Transcendental Meditation was fashionable when I was at school and a number of my good friends went off to a lecture hear about the practice; the parents of one of them were concerned that the event was some form of brain-washing exercise. Though I read widely around the subjects of expanding consciousness including a trio of books by Carlos Castaneda and the obligatory The Doors of Perception by Aldous Huxley, I was never tempted to meditate and the only hallucinogens I ever ingested were Psilocybe semilanceata, freshly foraged from Streatham common, and seeds from home-grown Ipomoea violacea (Heavenly Blue Morning Glory.) Both were chosen because they were natural, unadulterated products and, in the case of the magic mushrooms, as a former botany student I was unconcerned that I’d pick something unpalatable. During an InterRail tour of Europe in 1980 with fellow botany student Nick Hodgetts, we were on the lookout for Lophophora williamsii, the peyote. I may have been influenced by the almost lounge-jazz of Happy Nightmare (Mescaline) from In and Out of Focus (1970) but despite some promising signs on barges in Amsterdam, we didn’t find any. Back home, the Ipomoea didn’t work at all and the result from the fungi was mildly disappointing; I succumbed to finding everything very funny and though I thought that my smile was going to spread so wide that my head was going to fall off, there were no chromatic or sonic effects. This contrasts with the coverage of use of magic mushrooms by youths in Barrow’s Evening Mail which described tales of visions of dragons. How prog is that? Perhaps I should have stayed in Barrow...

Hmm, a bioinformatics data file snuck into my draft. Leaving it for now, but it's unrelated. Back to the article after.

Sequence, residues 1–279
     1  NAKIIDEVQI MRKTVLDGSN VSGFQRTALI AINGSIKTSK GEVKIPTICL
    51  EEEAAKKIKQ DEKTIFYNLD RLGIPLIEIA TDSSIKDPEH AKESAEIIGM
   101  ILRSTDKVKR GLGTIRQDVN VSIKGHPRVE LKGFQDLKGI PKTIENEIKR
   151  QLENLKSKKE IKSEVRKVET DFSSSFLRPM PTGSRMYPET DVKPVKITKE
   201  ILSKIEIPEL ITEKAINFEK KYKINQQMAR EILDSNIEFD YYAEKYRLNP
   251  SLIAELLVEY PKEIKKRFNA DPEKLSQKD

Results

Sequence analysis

I have found that live music can lead to transcendental experiences. The dreamy soundscapes of Sylvian and Fripp played havoc with my temporal awareness when I saw them at the Royal Albert Hall in 1993, despite the cramped seating conditions. It felt as though I was transported to another time and another place and, as I’d not previously heard any of the material, it came as something of a shock to find that one of the tracks was called Twentieth Century Dreaming (A Shaman's Song). When I used to listen to Tangerine Dream’s Rubycon (1975) in the dark and through headphones I used to imagine other possible worlds, with the flowing, amorphous sounds conjuring a dynamic spectrum of colours. Though I appreciate stagecraft and thematic stage design, I’d always wanted to see Tangerine Dream in a dimly-lit church. The nearest thing I ever came to them was witnessing Node earlier this year, at the Royal College of Music. The pulsating sequences and sonic washes were mesmerising; the musicians were mostly static but when I closed my eyes the effect was to take me on a trip into inner space, equating the sequences with racing heartbeats or neuro-synaptic transmission.